It doesn't literally mean "property of the hero." Although it often works out that way. A "hero" prop, in motion picture parlance, is a high-detail, nice-finish version suitable for holding close to the camera.
These are costly, often fragile items, and get swapped out for cast replicas when in the hands of background characters, or when the actor is rolling around in the dirt and would rather have foam rubber whacking them in the face instead of machined aluminium.
(A similar constraint exists with cosplayers and re-creationists such as the 501st; they may own a beautifully detailed real-steel DL-44, but they "troop" with something a lot lighter. Having foam rubber instead of metal also makes you more friends at the admissions gate to a convention.)
In theater, there are no close-ups. There is also rarely a budget to speak of. So all props are background props. The range in theater is not between stunt props and hero props; it is between well-made props and cheap props. It still doesn't have to look good in close-up, but a good prop is safe and strong and will survive multiple productions. A cheap one squeaks through until closing night because the running crew is pouring fresh hot glue on it every night.
I am deeply respectful of the skill set that allows creation of every bizarre thing requested by a director with no time, no money, and practically nothing in the way of tools, either. But it isn't something that personally interests me. Although it fits badly into the schema of theater, what I like to build are things that look nice from close up.
So the Lewis Gun magazines are done. And they took longer than they needed (they are basically a background prop). And although I'm getting better at getting a decent surface and finish, I'm falling down in getting a finished prop that is sturdy.
The gong I'm working on now will hopefully improve on that.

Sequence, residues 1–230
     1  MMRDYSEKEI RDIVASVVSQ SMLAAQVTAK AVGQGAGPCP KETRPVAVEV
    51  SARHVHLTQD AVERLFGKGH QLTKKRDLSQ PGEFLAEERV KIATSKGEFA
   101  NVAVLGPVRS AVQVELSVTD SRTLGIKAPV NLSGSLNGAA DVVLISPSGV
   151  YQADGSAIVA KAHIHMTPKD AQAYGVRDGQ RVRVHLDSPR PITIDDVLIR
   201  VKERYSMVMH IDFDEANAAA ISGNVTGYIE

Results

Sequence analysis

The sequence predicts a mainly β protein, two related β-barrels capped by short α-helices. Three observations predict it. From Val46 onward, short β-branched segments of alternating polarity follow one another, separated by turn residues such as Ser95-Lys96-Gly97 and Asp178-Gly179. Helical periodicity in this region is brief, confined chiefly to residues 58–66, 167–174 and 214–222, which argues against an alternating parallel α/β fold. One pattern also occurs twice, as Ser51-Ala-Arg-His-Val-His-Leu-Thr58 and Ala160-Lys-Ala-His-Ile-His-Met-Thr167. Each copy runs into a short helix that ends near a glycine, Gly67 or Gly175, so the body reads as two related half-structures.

For the purposes of the show, a picnic plate spray-painted brass would be good enough. No-one is going to be caring if the props are realistic. But I want to do this for myself. I want to see if I can fabricate something that is light and strong and looks good at stage distance, but also satisfies me for close-up appeal.
Another of those lovely trade-offs is shop access. A good set of tools and supplies and a nice work space means you can dash off the "good enough" style of prop much, much faster. And since the shop itself is a significant sunk cost, the actual props you build are cheaper.
On the flip side, when you are growing your shop and your own skills, each prop is a significant investment in new tools and new methods.
This was always going to be such. I was originally going to resin the finished master for strength. But for weight, looks, and additional strength, I'm going to go back to slush-casting. With, however, an as-yet untried technique to add to my collection; RTV and a mother mold instead of a box mold and Oomoo.
I had some recycled expanded foam lying around so I cut the master out of that. Cutting the rough (on my also-recovered-from-the-trash scroll saw) was quick, but smoothing the surface has taken me the better part of two days. Of course a lot of that time was spent waiting on primer to dry.
I am about to spray the hammered finish (because I want that hammered look for the final gong, and it makes sense for it to be in the finished casting, not painted on to the surface). Which is always scary, because I don't think I can strip it if it goes wrong. But not that scary, because I'm not really happy with the shape I have. The center circle is too large, the bevel isn't tall enough, and the whole thing is maybe a bit small.
And, okay, this is why we say we work iteratively. I should have stopped earlier, before doing the final smoothing. But I went back, added an MDF disk to the center and Bondo'd out from it to increase the relief and make the proportions a little closer. And now I'm back to sanding and priming, hoping to get to the point where I can start casting this weekend.